An injury accident can occur just about anywhere and at any time. If you recently suffered injuries as a result of a slip and fall accident you had while on someone else’s property, you could be entitled to compensation for your injuries. Although we routinely use the term “slip and fall accident,” the fact is that many slip and fall injuries are not the result of true accident, but are caused by the negligence of another party. When that is the case, the negligent party may be financially liable to the victim for injuries sustained in the slip and fall. The only way to find out for certain if your slip and fall injuries are compensable is to consult with an experienced Tennessee slip and fall lawyer. A Smyrna persona injury attorney, however, has offered to explain the basics of slip and fall liability.
What Is Premises Liability?
The area of the law that governs injuries occurring while on the property of another individual or entity is referred to as “premises liability” law. Premises liability, in turn, falls under the much larger umbrella of personal injury law. Most personal injury claims or lawsuits require the Plaintiff (the injured party) to prove negligence on the part of the defendant. In a premises liability lawsuit, the defendant may be the owner or occupier of the property on which the injury occurred. The law imposes a legal duty on the owner/occupier of property to try and prevent harm from befalling others who enter onto the property. Exactly what that duty means, and the extent of the duty imposed on the owner/occupier, depends on the victim’s status while on the property.
Were You an Invitee, Licensee, or Trespasser?
Visitors to the property of another are divided into three categories – invitee, licensee, and trespasser. A property owner or occupier owes the highest duty of care to an invitee and the lowest to a trespasser.
An invitee is someone who is on the property legally, at the invitation of the owner/occupier, and with the expectation of gain by the owner/occupier. For example, a customer at a supermarket or a diner at a restaurant are both there because the business is hoping to make money off their presence. Other common examples of invitees include: a guest at a hotel, a client at an attorney’s office, a patient at a dentist’s office, or a tourist at an amusement park. The owner/occupier of property owes the highest duty of care to an invitee, meaning he/she must warn of danger and repair known hazards.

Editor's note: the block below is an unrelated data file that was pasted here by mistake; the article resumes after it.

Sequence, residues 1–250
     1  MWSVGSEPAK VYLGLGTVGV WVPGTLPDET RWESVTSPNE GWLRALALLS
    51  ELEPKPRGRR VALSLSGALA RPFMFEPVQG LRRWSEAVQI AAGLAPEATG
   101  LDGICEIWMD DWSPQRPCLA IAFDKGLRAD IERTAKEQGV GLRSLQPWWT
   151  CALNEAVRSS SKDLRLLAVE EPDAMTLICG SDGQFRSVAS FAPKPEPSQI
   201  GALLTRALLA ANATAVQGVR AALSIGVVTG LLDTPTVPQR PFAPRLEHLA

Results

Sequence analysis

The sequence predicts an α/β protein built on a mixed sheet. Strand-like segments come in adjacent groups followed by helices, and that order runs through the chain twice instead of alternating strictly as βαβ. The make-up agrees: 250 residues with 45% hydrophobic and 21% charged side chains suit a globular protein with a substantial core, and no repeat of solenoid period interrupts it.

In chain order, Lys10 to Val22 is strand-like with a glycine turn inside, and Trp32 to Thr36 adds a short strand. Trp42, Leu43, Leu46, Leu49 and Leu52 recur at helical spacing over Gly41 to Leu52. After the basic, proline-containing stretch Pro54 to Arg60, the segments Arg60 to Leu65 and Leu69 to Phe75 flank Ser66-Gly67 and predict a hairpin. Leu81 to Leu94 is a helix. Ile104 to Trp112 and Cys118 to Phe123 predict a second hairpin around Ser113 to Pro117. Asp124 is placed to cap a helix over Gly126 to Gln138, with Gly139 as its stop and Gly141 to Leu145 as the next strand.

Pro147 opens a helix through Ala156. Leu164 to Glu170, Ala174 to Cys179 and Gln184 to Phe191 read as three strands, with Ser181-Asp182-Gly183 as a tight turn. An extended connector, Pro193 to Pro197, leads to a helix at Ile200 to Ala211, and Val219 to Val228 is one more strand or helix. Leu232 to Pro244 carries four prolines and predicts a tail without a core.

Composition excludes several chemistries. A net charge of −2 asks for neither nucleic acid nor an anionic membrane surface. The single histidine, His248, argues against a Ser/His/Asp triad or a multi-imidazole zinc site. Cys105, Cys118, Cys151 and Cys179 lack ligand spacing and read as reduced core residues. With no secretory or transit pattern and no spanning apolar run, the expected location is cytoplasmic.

A licensee, or social invitee, is someone who is also present on the property with the permission of the owner/occupier; however, without the expectation of financial gain. For instance, the plumber who is at the restaurant to fix the leak in the plumbing is a licensee, not an invitee, because he/she is not there to spend money, but to make money. Other examples of a licensee/social invitee include a guest at a party, an inspector doing an inspection on your home, an employee of a lawncare company who is cutting your grass, or the FedEx delivery driver. The owner/occupier of property owes almost as high a duty to a licensee as to an invitee.
Finally, a trespasser is not on the property legally. Although a trespasser is not on the property with permission, the owner/occupier does still owe a slight duty to him/her – the duty no to intentionally cause harm.
How Can a Smyrna Personal Injury Attorney Help?
If you were injured in a slip and fall accident while o the property of someone else, the owner/occupier of that property may be held liable to you for your injuries if the duty of care owed to you was breached, causing, or contributing to, your accident. Given the numerous circumstances under which a Tennessee slip and fall accident can occur, the best way to find out what legal options you may have is to consult with a Smyrna personal injury attorney as soon after the accident as possible.
Contact a Smyrna Personal Injury Attorney
If you were injured in a slip and fall accident in the State of Tennessee, it is in your best interest to consult with an experienced Smyrna personal injury lawyer at Bennett, Michael & Hornsby as soon as possible to ensure that your rights are protected. Contact the team today by calling 615-898-1560 to schedule your appointment.
- Modifying Child Support in Tennessee - February 20, 2024
- The Importance of Funeral Planning within Your Estate Plan - February 15, 2024
- What Can I Do to Help My Estate Avoid Probate in Tennessee? - February 7, 2024